Friday, April 20, 2012

A Few Follow-up Tidbits to Yesterday's Post

In adoration this morning, I came across a few quotes about witnessing (which I may have posted on this blog eons ago) that I thought were worth looking at again in light of this "Living Differently" concept. I also just read Karen Edmisten's lovely post from yesterday:  Hmm, Shall I Blog About Contraception or Parchment Paper, which I really liked (!) and also relates to the nature of the important conversation going on right now.

Anyway, here are the quotes:

The first and fundamental mission that we receive from the sacred mysteries we celebrate is that of bearing witness by our lives. The wonder we experience at the gift God has made to us in Christ gives new impulse to our lives and commits us to becoming witnesses of his love. We become witnesses when, through our actions, words and way of being, Another makes himself present.
- Pope Benedict XVI, Sacramentum Caritatis

Something I constantly notice is that unembarrassed joy has become rarer. Joy today is increasingly saddled with moral and ideological burdens, so to speak. When someone rejoices, he is afraid of offending against solidarity with the many people who suffer. I don't have any right to rejoice, people think, in a world where there is so much misery, so much injustice.

I can understand that. There is a moral attitude at work here. But this attitude is nonetheless wrong. The loss of joy does not make the world better - and, conversely, refusing joy for the sake of suffering does not help those who suffer. The contrary is true. The world needs people who discover the good, who rejoice in it and thereby derive the impetus and courage to do good. Joy, then, does not break with solidarity. When it is the right kind of joy, when it is not egotistic, when it comes from the perception of the good, then it wants to communicate itself, and it gets passed on. In this connection, it always strikes me that in the poor neighborhoods of, say, South America, one sees many more laughing happy people than among us. Obviously, despite all their misery, they still have the perception of the good to which they cling and in which they can find encouragement and strength.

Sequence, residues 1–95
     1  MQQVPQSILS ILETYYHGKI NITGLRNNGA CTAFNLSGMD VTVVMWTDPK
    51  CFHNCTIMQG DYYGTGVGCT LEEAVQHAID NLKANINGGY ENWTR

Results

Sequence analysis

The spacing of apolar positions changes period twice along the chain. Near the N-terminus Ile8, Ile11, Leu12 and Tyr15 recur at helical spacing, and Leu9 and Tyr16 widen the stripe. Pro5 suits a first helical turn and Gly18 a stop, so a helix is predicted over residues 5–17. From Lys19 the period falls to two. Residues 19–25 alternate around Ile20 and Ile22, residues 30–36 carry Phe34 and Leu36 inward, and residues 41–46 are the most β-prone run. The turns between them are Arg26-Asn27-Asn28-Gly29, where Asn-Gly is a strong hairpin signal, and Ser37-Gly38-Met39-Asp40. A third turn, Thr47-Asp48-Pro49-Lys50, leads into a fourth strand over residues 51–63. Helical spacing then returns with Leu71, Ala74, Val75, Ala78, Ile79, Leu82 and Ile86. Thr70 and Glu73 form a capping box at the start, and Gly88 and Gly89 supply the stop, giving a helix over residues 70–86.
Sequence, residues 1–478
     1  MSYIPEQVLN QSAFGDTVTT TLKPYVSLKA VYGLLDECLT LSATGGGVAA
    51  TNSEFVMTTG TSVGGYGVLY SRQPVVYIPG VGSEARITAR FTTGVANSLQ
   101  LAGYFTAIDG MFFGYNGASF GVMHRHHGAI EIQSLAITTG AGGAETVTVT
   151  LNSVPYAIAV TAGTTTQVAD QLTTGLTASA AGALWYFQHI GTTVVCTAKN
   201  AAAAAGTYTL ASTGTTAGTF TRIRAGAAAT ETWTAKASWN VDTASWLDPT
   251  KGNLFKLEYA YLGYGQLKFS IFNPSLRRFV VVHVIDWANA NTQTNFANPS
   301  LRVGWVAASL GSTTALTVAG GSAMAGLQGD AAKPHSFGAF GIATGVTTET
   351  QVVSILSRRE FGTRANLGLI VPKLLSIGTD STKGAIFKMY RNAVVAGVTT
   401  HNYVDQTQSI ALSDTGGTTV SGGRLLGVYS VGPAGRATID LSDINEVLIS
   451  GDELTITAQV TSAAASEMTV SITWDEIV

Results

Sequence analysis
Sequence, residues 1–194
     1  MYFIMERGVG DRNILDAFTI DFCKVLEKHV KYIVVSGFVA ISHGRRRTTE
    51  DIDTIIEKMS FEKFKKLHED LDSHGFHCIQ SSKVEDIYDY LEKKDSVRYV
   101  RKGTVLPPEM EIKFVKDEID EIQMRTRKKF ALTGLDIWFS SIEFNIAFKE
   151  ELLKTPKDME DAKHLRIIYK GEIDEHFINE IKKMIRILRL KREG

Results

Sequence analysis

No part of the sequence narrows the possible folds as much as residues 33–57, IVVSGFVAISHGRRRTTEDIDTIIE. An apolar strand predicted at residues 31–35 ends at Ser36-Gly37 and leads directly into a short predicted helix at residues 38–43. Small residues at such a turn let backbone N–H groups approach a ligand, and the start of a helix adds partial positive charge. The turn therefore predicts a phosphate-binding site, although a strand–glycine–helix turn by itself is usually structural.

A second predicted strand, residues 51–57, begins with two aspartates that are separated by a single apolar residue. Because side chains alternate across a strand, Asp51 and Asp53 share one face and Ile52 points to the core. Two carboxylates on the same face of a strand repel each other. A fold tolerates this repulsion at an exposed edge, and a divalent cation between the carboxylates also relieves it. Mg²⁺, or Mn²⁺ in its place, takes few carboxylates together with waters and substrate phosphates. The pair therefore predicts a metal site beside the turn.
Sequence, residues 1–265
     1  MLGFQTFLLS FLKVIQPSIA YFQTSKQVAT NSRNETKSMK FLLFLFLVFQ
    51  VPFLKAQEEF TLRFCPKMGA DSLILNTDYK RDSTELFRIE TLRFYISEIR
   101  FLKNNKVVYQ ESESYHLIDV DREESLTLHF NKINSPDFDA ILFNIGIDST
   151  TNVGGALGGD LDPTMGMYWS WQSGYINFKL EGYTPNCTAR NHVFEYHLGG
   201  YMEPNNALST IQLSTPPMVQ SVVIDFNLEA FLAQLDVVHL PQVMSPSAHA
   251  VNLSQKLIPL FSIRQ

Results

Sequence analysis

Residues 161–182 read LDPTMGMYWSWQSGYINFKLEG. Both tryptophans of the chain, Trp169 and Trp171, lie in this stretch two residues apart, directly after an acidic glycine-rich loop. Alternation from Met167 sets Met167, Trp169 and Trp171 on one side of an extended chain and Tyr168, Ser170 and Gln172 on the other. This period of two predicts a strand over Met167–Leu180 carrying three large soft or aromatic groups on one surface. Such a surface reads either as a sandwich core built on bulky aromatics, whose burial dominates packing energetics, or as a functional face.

In this sense we have a new need for that primordial trust which ultimately only faith can give. That the world is basically good, that God is there and is good. That it is good to live and to be a human being. This results, then, in the courage to rejoice, which in turn becomes commitment to making sure that other people, too, can rejoice and receive good news.

- Cardinal Ratzinger, Salt of the Earth


Anonymous said...

Another great post! I was thinking about the second quote recently. I think the only way to effortlessly convince people that this lifestyle works is to live it joyfully and let it show. That's not hard at all, but I think it's a decision one has to make consciously.

Love2Learn Mom said...

Thanks J! Well, I'm not sure that it's always easy (for me at least!), but I agree that recognizing it as important and deciding to do it are the biggest thing.

Dr. Thursday said...

This matter was dealt with in the Summa of St. Thomas Aquinas, II-II, Q168 A4. The topic is "whether the lack of mirth is sinful"...

Incidentally, this particular reference plays a critical part in The Black Hole in the Basement, the next installment of my Saga De Bellis Stellarum which is about to be released. See here for details.

Love2Learn Mom said...

Ooooh. I will have to look that up. Thanks! Nice to hear from you by the way!!! :)

Dr. Thursday said...


It's QUITE relevant, well worth studying.

Also, that first bit reminded me of the incredibly famous sequence from GKC's The Everlasting Man about how the death of their god made the Christians "unnaturally joyful" since that death enabled them to eat him and drink his blood. [see CW2:295-6]

This requires real engagement of the PERSON - which means the intellect and not only the "feelings"... and you will be overwhelmed with "unnatural" joy.

(I'd write more on that term "unnatural" but I'm a bit busy; I will try to get to it, as it deserves some consideration.)

Meanwhile, ora et labora, and maybe we can do e-mail eventually. Happy Paschaltide to you & the Family!

Love2Learn Mom said...

Yes it is terrific! I've already gone and read it per your recommendation - thank you much!!!

As much as I love "real" books, the Kindle is wonderful for things like carrying the entire Summa Theologica around in my pocket. (And I have gotten teased for having it on my Kindle, but I DO refer to it here and there!)/